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Archive for the ‘rails’ Category

Never fetch data from views

Posted by Daniel Brahneborg on 2007 August 22

Jeez, when am I going to learn?

I know very well that all data that should be displayed in view must be fetched by the controller.

View must never, ever, under any circumstances, fetch data by themselves.

Still, I manage to break that rule all too often. “It’s just going to fetch THIS little piece of data”. This not only includes SQL statements, but even all kinds of accessors that do more than fetch complete objects from a hashtable or similar.

A while ago I wrote a little find_safely() helper method for my ApplicationController, that handles “Record not found” errors. All find() accesses went through that method, which meant that when the database had to be separated into different systems, which meant that most tables had to have a system_id column, only that single method had to be changed. Yes, the value had to be set in a few places, but it never fetched data for the wrong system.

Unfortunately some views fetched data themselves, which meant that I had to have the system_id check in both ApplicationController and ApplicationHelper. This quickly got out of hand, so it didn’t take long until I moved all those accesses back to the proper controller. When this was done, it was also possible to test that the views were showing the correct data. The normal Rails test harness doesn’t have access to the data that the views fetch, which means it can’t be tested. After the refactoring, it could.

This brings back another of my favourite arguments:

You should write tests, not only to verify that the application does what it is supposed to (you’ll find that out soon enough anyway), but because it forces you to build the application in a better way.

Anyway, the “data from views” problem came back to bite me once again today. The application stores a list of the most recently accessed business objects of each type. This was tested by directly checking the contents of the array where they were stored.

It worked fine, until the objects grew too large, overflowing the “data” column in the sessions table, which in turned caused a “marshal data too short” error too appear in the Mongrel log file. Most pages recommended using a larger column type such as mediumtext, but this is of course a bad idea. Having the poor application read and parse several hundred KB or more on each request, only to serialize it back and update the database afterwards kills performance. A couple of KB is ok, but the 64KB limit of the “text” type is there for a reason.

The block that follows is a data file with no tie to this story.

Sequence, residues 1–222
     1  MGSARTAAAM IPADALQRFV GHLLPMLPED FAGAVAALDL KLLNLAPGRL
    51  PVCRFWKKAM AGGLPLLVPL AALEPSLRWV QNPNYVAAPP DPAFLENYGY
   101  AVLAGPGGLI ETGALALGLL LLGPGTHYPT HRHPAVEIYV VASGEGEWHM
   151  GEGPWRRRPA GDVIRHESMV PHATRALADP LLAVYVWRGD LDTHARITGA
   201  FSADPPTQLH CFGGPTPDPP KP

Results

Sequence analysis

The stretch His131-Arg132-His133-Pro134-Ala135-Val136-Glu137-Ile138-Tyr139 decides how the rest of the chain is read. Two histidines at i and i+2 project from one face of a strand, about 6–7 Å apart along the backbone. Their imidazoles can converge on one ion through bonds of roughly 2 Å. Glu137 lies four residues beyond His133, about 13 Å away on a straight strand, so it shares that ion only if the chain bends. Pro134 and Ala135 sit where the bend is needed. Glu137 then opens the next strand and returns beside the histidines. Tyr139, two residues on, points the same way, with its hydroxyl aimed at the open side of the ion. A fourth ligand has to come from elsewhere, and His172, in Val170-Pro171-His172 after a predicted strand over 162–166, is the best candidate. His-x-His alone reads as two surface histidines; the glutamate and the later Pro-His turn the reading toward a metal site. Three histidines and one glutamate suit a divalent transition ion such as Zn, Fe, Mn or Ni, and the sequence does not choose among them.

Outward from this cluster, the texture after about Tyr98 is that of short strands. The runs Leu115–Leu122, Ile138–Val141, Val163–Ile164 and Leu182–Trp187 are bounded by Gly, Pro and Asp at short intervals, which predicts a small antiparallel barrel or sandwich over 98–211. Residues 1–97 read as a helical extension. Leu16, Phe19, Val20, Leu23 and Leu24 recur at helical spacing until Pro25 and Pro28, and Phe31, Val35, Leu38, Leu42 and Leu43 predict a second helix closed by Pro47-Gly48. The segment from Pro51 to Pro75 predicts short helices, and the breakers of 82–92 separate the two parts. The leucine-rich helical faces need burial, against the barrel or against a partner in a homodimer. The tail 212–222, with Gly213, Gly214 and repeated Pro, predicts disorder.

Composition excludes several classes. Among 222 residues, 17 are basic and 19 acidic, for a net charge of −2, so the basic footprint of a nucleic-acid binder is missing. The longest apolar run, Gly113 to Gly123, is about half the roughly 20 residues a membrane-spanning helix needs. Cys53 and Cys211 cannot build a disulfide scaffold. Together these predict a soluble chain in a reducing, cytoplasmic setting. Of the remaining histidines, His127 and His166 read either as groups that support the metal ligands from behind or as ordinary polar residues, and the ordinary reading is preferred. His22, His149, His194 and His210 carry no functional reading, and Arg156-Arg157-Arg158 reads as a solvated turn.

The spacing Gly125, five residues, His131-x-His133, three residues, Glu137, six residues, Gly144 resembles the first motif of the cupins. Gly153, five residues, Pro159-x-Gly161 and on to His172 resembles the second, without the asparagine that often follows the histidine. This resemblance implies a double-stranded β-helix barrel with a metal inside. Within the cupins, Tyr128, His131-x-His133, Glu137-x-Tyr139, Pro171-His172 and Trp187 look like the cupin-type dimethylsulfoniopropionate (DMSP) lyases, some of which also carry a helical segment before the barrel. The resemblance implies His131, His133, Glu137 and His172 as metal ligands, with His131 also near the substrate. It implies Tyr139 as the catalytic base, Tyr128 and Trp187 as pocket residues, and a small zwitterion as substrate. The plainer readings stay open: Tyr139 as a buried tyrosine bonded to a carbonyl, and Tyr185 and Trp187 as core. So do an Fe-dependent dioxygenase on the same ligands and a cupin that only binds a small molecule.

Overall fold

The proper solution is of course to only store the object id’s, and instanciate the objects only when needed. The application worked again, but now the hard coded test cases started to break. To get them to work, the controllers had to fetch this data, which in turn meant that the views didn’t have to.

Instead of an ugly Module that was imported by both ApplicationController and ApplicationHelper, the “latest objects” code could be merged back into ApplicationController where it belong. The code became simpler, the response time decreased, the database errors disappeared, and a larger part of the code got proper unit tests. Sure, just using “mediumtext” would have been faster in terms of work hours, but the code quality would have suffered.

Andra bloggar om: , , .

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Rails fix for nested forms

Posted by Daniel Brahneborg on 2007 May 26

In Rails there is a nice helper function button_to. It uses Javascript in the onclick event to create a new form which is immediately submitted. Perfect when a button is all you really need.

Or so I thought, until I installed the HTML Validator extension to Firefox. It has a super strict HTML parser that tells you when something is wrong with your code. This way there is a much greater chance that the pages will look the way you want in as many browsers as possible.